My Response to Joe: It’s always fun to hear the stories about the memorable moments that turned people into life-long Elvis fans. For most, like you Joe, it’s a never to be forgotten event. Strangely, though, I can’t remember why I became an Elvis fan back in 1962. I remember that “Return to Sender” was on the charts at the time and Girls! Girls! Girls! was in theaters, but the exact moment I became an Elvis fan escapes me.


From Don: I've done some research on my own. Billboard is a crooked publication. They stripped Elvis of half of his pre-Hot 100 number ones based on a chart name change. Also, they refused to recognize “America,” a 2001 number 6 Hot 100 Best Seller; “A Little Less Conversation,” a 2002 number 1 Hot 100 Best Seller; “Rubberneckin’," a 2003 number 1 Hot 100 Best Seller; “That’s All Right,” a 2004 number 1 Hot 100 Best Seller; and “Heartbreak Hotel,” a 2006 number 1 Hot 100 Best Seller as legitimate hits because they would rather go by a list that is influenced by payola.

I found a site back in 2004 that was run by a man by the name of James Leeky. Through his research, Mr. Leeky discovered that around the world Elvis has amassed over 70 number one hits and over 30 number one albums. Mysteriously, someone sought to shut down Leeky's website for good and now it's as if it didn't exist. I am in the process of recreating that site and posting the charts as they were at the time. I copied the pages before the site was taken down, thank God!

My Response to Don: I certainly admire your passion for Elvis and your commitment to making sure he gets the credit he deserves, but I wonder if such fervor sometimes interferes with the joy of just being an Elvis fan. It’s much more gratifying to celebrate his enormous influence on music and popular culture than to chase conspiracy theories against him.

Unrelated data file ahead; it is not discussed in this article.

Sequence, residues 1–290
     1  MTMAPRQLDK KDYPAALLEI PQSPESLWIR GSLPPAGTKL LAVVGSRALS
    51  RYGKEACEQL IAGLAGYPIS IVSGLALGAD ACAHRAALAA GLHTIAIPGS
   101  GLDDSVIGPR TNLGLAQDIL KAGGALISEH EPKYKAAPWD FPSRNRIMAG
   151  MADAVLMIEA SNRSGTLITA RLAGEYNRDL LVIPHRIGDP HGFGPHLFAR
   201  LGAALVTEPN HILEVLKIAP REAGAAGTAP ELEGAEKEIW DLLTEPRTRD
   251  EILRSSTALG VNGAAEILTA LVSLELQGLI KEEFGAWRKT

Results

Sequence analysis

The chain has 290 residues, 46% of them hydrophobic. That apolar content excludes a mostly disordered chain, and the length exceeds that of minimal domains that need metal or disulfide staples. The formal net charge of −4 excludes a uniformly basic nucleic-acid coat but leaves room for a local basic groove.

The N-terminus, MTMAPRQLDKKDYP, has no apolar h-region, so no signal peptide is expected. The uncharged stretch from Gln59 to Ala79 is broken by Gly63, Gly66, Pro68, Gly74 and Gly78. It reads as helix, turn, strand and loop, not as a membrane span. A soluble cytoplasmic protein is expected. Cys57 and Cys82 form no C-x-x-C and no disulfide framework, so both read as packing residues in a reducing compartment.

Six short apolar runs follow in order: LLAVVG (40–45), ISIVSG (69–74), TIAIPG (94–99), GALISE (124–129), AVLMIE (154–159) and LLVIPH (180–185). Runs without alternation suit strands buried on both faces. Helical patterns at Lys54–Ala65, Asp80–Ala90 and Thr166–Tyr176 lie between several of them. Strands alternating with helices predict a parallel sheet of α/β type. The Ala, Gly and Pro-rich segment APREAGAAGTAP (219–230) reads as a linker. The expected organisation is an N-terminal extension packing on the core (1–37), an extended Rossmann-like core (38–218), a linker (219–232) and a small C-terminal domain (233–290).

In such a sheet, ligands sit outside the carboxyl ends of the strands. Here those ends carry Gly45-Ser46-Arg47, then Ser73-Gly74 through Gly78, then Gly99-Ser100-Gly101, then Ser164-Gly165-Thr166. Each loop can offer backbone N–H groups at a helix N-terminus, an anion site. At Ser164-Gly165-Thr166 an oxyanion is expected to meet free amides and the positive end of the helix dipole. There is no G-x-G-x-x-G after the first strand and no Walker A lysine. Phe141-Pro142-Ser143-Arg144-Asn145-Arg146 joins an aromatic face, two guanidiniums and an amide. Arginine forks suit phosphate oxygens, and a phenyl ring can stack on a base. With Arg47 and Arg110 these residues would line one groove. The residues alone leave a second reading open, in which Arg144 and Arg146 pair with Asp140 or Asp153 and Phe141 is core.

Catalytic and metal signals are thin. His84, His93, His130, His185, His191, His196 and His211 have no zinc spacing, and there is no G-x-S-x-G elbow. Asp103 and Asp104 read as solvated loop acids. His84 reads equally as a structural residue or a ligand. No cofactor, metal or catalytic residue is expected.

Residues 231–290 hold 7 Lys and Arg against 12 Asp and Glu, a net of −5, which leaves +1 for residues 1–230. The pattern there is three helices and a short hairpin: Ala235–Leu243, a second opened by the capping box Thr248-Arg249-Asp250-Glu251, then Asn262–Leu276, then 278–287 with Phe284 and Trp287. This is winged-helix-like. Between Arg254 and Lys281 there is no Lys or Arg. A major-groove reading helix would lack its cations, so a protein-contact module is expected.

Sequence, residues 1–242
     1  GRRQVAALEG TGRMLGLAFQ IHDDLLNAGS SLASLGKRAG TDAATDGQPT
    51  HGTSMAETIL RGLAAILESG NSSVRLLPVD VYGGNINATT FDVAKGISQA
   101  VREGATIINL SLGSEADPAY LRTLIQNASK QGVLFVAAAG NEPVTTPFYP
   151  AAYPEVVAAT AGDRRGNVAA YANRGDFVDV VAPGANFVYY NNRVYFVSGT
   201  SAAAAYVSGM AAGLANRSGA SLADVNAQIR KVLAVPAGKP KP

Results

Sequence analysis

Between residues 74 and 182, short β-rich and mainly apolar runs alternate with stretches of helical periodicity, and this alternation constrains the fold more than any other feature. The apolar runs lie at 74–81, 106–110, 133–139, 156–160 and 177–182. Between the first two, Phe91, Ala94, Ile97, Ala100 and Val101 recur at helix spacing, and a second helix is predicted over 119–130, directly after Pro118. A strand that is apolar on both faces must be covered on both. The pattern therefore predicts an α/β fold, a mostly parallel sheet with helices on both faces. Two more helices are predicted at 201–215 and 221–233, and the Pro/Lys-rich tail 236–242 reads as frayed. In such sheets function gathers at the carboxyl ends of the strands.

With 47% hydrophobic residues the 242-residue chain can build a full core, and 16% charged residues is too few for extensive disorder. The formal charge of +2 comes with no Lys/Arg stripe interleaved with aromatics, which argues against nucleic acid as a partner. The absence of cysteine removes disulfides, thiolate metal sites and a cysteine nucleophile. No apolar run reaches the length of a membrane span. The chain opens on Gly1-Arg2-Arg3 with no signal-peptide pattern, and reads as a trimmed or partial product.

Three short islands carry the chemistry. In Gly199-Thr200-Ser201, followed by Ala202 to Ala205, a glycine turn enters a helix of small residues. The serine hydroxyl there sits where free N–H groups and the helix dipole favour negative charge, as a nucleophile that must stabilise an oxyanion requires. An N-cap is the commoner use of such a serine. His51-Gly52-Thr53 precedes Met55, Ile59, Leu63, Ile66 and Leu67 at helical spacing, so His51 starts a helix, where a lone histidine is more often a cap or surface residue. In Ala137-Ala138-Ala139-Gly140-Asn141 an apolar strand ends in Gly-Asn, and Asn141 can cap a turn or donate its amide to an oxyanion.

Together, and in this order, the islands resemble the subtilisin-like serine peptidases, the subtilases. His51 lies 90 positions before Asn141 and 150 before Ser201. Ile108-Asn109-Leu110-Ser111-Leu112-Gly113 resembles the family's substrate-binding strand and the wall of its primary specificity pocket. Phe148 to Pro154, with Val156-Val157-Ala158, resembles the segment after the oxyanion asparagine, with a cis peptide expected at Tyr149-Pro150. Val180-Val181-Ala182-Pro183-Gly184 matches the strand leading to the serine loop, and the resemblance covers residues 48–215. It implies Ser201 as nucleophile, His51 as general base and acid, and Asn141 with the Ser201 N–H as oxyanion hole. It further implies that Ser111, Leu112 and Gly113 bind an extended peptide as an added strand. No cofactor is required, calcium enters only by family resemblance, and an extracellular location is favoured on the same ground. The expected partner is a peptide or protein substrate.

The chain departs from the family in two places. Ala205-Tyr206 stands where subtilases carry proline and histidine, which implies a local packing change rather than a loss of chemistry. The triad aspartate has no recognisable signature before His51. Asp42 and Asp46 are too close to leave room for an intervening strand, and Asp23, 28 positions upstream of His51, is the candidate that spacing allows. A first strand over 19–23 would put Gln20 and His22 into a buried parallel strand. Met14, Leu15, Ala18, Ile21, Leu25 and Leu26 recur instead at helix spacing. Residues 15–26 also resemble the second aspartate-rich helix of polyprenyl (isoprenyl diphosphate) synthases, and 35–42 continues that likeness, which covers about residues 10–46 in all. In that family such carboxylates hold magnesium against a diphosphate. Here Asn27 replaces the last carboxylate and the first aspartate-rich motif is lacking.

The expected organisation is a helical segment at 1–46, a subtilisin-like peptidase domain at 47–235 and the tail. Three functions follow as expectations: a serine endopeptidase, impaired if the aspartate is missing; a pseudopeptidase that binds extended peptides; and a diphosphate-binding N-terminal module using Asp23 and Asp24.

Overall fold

From Don: I've done some research on my own. Billboard is a crooked publication. They stripped Elvis of half of his pre-Hot 100 number ones based on a chart name change. Also, they refused to recognize “America,” a 2001 number 6 Hot 100 Best Seller; “A Little Less Conversation,” a 2002 number 1 Hot 100 Best Seller; “Rubberneckin’," a 2003 number 1 Hot 100 Best Seller; “That’s All Right,” a 2004 number 1 Hot 100 Best Seller; and “Heartbreak Hotel,” a 2006 number 1 Hot 100 Best Seller as legitimate hits because they would rather go by a list that is influenced by payola.

I found a site back in 2004 that was run by a man by the name of James Leeky. Through his research, Mr. Leeky discovered that around the world Elvis has amassed over 70 number one hits and over 30 number one albums. Mysteriously, someone sought to shut down Leeky's website for good and now it's as if it didn't exist. I am in the process of recreating that site and posting the charts as they were at the time. I copied the pages before the site was taken down, thank God!

My Response to Don: I certainly admire your passion for Elvis and your commitment to making sure he gets the credit he deserves, but I wonder if such fervor sometimes interferes with the joy of just being an Elvis fan. It’s much more gratifying to celebrate his enormous influence on music and popular culture than to chase conspiracy theories against him. — Alan Hanson (© December 2016)

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"I remember my Mother crying when they had announced his passing. I didn't understand at the time why, but as I matured and felt the passion in his music, I completely understood the grief over his passing that my mother must have felt."